Investigative Journalist Dennis Onsarigo Faults Safety Of Boeing Planes

Crash site. [IMAGE/ COURTESY]

Boeing 737 could be the unsafest planes in the African skies, former NTV investigative journalist Dennis Onsarigo has warned.

In a long Instagram post, Onsarigo says that Boeing, the manufacturer of the Boeing airliners had taken a shortcut in assembling the new Boeing 737 NG ( Next Generation) series planes.

“Instead of the manufacturer assembling the aircrafts electronically they manually fitted them because the original parts were either too big or too small.  Between 1996 and 2004 ill-fitting, illegal and dangerous parts were assembled on to many of the most commonly-used passenger planes in the world today,” posted Onsarigo, referring to an investigation done by Aljazeera.

Onsarigo states that most of these airlines after clocking air miles were sold to Africa and many African countries bought them since it is expensive to purchase a brand new Boeing.

“The senior Aljazeera manager stunned us by saying that in the next twenty five years, one Boeing after another illegally assembled planes will start falling off the skies… by the time Aljazeera was documenting their year-long investigation, at least three planes had crashed minutes after taking off,” he adds.

In the investigation, it was discovered that whenever a Boeing plane was involved in an accident, it broke into three distinct pieces leaving the fuselage – the main body of the aircraft – intact.

This was attributed to the fact that the design of the fuselage was not tampered with, “it what was added to it – the other parts of the plane-that over time came off”.

According to the journo, if the Ethiopian Airline plane that crashed today – a Boeing 737- disintegrated into three pieces as the same happened to yet another Boeing 737Max five months ago, “then there might be a conversation about this safest mode of transport around the world”.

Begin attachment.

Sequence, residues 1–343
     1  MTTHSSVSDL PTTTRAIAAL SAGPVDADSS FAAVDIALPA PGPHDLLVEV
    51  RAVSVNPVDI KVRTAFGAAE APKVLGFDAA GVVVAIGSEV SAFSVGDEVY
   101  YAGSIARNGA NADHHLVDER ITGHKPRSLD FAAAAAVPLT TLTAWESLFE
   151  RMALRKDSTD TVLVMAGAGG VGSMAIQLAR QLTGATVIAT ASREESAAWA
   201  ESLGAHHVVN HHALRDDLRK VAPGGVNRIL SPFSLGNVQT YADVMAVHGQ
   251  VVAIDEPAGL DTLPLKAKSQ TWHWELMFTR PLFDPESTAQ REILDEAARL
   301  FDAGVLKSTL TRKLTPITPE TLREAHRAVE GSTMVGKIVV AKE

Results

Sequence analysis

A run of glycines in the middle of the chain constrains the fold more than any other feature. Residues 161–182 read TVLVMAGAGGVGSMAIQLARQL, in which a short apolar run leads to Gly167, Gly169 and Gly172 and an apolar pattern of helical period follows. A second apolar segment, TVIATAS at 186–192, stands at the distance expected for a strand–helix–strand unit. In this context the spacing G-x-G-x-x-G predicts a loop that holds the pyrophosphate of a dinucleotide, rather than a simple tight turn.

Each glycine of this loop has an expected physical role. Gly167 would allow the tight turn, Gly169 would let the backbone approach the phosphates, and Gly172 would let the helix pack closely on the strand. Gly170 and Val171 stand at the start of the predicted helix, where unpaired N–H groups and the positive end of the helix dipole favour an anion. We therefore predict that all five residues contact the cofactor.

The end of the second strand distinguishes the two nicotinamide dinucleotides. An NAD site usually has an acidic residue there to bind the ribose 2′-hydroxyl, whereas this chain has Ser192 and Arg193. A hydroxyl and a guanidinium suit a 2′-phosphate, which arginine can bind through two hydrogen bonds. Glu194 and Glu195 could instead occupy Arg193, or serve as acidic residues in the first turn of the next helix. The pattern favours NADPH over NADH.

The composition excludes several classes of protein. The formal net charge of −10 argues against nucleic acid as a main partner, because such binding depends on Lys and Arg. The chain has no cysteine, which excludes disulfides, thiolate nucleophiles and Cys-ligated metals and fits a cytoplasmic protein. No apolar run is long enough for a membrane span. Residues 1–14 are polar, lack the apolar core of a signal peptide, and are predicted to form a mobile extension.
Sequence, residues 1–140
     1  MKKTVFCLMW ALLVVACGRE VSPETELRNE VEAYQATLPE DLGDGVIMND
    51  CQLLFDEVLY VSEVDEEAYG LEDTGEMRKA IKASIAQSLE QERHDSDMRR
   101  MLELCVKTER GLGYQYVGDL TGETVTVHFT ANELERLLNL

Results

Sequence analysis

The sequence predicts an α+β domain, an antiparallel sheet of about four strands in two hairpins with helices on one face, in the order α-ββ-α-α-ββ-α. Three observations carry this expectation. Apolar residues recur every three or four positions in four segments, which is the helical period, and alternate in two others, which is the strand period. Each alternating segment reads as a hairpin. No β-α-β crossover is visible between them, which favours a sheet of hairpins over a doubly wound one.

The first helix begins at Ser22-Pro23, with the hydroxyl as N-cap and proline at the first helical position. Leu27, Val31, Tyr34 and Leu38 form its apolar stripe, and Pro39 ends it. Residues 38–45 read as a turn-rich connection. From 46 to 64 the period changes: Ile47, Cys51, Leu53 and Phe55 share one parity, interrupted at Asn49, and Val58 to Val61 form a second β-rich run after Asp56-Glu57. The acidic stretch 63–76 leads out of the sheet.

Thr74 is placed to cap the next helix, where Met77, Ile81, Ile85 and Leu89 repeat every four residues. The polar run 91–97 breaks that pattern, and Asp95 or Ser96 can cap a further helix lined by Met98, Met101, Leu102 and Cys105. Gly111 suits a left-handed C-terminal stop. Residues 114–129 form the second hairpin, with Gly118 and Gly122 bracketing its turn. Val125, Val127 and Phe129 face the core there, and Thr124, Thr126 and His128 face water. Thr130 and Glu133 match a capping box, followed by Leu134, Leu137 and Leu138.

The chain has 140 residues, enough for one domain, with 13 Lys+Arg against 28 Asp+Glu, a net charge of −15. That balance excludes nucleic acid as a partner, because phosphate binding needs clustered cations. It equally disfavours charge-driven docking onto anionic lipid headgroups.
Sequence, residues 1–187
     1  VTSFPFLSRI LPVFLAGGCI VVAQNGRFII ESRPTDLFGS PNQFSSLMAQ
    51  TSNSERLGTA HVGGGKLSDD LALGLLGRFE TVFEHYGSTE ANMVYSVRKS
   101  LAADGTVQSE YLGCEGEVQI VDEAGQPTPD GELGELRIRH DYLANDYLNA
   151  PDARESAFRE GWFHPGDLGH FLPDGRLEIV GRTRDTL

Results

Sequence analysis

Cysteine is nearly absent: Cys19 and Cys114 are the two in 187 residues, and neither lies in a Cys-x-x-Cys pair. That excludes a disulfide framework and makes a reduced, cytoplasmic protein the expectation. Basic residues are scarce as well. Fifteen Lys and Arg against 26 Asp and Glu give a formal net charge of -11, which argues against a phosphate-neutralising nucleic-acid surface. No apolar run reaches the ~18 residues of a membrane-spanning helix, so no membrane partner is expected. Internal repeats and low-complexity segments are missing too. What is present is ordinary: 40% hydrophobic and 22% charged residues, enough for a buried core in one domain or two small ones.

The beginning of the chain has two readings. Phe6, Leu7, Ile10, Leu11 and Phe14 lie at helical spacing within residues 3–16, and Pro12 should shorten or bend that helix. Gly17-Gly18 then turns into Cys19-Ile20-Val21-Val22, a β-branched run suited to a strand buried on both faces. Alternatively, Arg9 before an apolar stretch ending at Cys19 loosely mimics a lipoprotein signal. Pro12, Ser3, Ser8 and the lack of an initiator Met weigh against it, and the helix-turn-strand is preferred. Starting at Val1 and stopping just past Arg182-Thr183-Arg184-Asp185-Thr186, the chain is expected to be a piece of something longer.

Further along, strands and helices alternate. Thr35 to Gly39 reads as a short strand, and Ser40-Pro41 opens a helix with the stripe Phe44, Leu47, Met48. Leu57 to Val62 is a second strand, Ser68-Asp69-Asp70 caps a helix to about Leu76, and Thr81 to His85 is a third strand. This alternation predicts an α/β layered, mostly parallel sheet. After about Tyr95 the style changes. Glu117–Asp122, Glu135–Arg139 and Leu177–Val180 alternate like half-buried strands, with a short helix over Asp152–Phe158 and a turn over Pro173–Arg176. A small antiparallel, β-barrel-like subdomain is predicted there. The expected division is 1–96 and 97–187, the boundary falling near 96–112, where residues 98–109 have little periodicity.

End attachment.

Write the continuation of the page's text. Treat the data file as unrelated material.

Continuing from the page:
Investigations in Ethiopia as to what caused the crash of the Ethipian Airline plne that claimed the lives of 157 people, including 32 Kenyans.

“At this stage, we cannot rule out anything,” Ethiopian Airlines CEO Tewolde Gebremariam told reporters at Bole International Airport in Addis Ababa.

“We cannot also attribute the cause to anything because we will have to comply with the international regulation to wait for the investigation.”

Read: Ethiopian Airline Crash: Kenyan Government Opens Two Emergency Points For Relatives, Friends

The manufacture of the plane, Boeing, has said that it is “deeply saddened” to learn of the death of all the passengers and crew on its 737 MAX airplane.

“Boeing is deeply saddened to learn of the passing of the passengers and crew on Ethiopian Airlines Flight 302, a 737 MAX 8 airplane. We extend our heartfelt sympathies to the families and loved ones of the passengers and crew on board and stand ready to support the Ethiopian Airlines team. A Boeing technical team is prepared to provide technical assistance at the request and under the direction of the U.S. National Transportation Safety Board,” said the manufacturer in a statement.

The 737 Max-8 aircraft is relatively new to the skies, having been launched in 2016. It was added to the Ethiopian Airlines fleet in July last year.

Another plane of the same model was involved in a crash five months ago, when a Lion Air flight crashed into the sea near Indonesia with nearly 190 people on board.

According to reports by the BBC, pilots of last year’s ill-fate aircraft had appeared to struggle with an automated system designed to keep the plane from stalling – a new feature of the Boeing 737 Max.

The anti-stalling system repeatedly forced the plane’s nose down, despite efforts by pilots to correct this.

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Written by Francis Muli

Follow me on Twitter @francismuli_. Email

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